George Washington Papers

To George Washington from George Cabot, 16 September 1795

From George Cabot

Brookline [Mass.] Sept. 16th 1795


The letter which you did me the honor to write on the 7th was received last evening, when I immediately waited on the Gentlemen who are the subject of it. they were in a state of anxiety respecting a new place of residence where they might live unnoticed—considerations of the kind which you have mentioned & some others render this eligible for the present, but it is found impracticable here—already Mr Motier is known to too many persons & a public festival announced by the french Consul for monday next, at which all their Citizens in this vicinity are expected to attend,1 occasions serious embarrassment, to which is added that some circumstances of delicacy relative to the family in which they are placed make an immediate removal proper.

it was at this moment of solicitude I arrived to testify to them the benignity of your intentions by expressing those unequivocal assurances of friendship which your goodness had dictated, & which were received with every emotion of the most lively sensibility; a conversation succeeded which had for it’s object a relief from their present perplexity with the least possible deviation from the path you had proposed. in addition to the motives already explained for removing further than Cambridge it was urged that the studies now actually pursuing by Mr Motier are entirely different from those prescribed in any of our universities, & that your desires will therefore be best accomplished by a continuance in his present course under Mr Frestel; it was admitted however that other aids wou’d be requisite in those branches of education which Mr Frestel does not profess—with a view to these & to combine with them abstinence from society it is thought best to seek a position near some principal town where all the desiderata can be found—no determination was formed & we parted to reflect more on the step to be taken & to examine if there were any situation in this quarter which wou’d correspond with their wishes but to day on their visiting me I found they had concluded it wou’d be best to go to New york in the friday’s stage,2 where they expect to be accommodated in a Country house which is in the possession of their friend Mr La Callombe & with whom they may remain in retirement until you shall direct otherwise.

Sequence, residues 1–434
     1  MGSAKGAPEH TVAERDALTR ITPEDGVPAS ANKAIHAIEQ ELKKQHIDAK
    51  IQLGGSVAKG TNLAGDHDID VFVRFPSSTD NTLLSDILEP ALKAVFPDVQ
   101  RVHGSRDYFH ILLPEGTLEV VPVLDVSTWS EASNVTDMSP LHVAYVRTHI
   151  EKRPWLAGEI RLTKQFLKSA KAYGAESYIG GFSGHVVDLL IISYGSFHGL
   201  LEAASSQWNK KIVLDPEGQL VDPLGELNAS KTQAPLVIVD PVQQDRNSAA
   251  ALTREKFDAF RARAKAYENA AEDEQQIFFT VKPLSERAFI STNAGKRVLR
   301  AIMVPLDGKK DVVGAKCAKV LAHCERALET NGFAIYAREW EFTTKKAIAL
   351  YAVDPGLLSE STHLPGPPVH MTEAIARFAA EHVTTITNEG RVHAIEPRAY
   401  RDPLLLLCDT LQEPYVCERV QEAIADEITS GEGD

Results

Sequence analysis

the suddenness of their departure will deprive me of an opportunity of being essentially useful to them & of executing your commands which wou’d be the most grateful occupation of my life.

I shall give them letters to Colonel Wadsworth & to Coll Hamilton the latter of whom will probably know where they may be found after they shall be established.

I shall speak of Mr Frestel & a young gentleman whom he accompanies, leaving it with them to make such other disclosures on some occasions as discretion will approve.

Mr Frestel has a passport from the Committee of Public Safety & stands fair with his country, & it is doubtful whether Mr Motier wou’d have any occasion to be private but for the condition of his friends, he likewise having a passport as a Citizen of the United States under the name of Motier which is not newly assumed but is a name which regularly remained to him after the law passed proscribing titles.3 an unbounded affection cements the Tutor & Pupil & renders them inseperable, & it is impossible to see without delight the exquisite gratification of the former at the elevation of character which the latter has already attained.

Mr Frestel repeatedly mentiond that he has some communications to make which may affect those whom you love, but which can hardly be explained without an interview; I promised to intimate his ideas, but reminded him that you wou’d be absent for several weeks & added that possibly before your return he might know your pleasure in this respect. if any pecuniary accommodations had been necessary I shoud have furnished them but at present they are supplied. with the highest respect & Esteem I remain Sir your obedient & faithful Servant

George Cabot


1Theodore Charles Mozard (1755–1810), identified in newspapers as an “ancient chief of the Bureau of the committee of Pu[b]lic Safety and Section of Commerce,” was granted his exequatur as French consul for Massachusetts, New Hampshire, and Rhode Island in June. He served until 1799, when he returned to Europe (Daily Advertiser [New York], 16 June 1795; JPP, description begins Dorothy Twohig, ed. The Journal of the Proceedings of the President, 1793–1797. Charlottesville, Va., 1981. description ends 330; Columbian Centinel. And Massachusetts Federalist [Boston], 23 Nov. 1799). His invitation for the festival to be held on Monday, 21 Sept., was printed in The Courier (Boston) of 12 September. An account of the event, which was attended by Massachusetts governor Samuel Adams and other dignitaries, was printed in The Courier of 23 Sept. and in other newspapers around the country.

2The following Friday was 18 September.

3Cabot was referring to the 19 June 1790 decree of the National Assembly abolishing hereditary nobility and titles.

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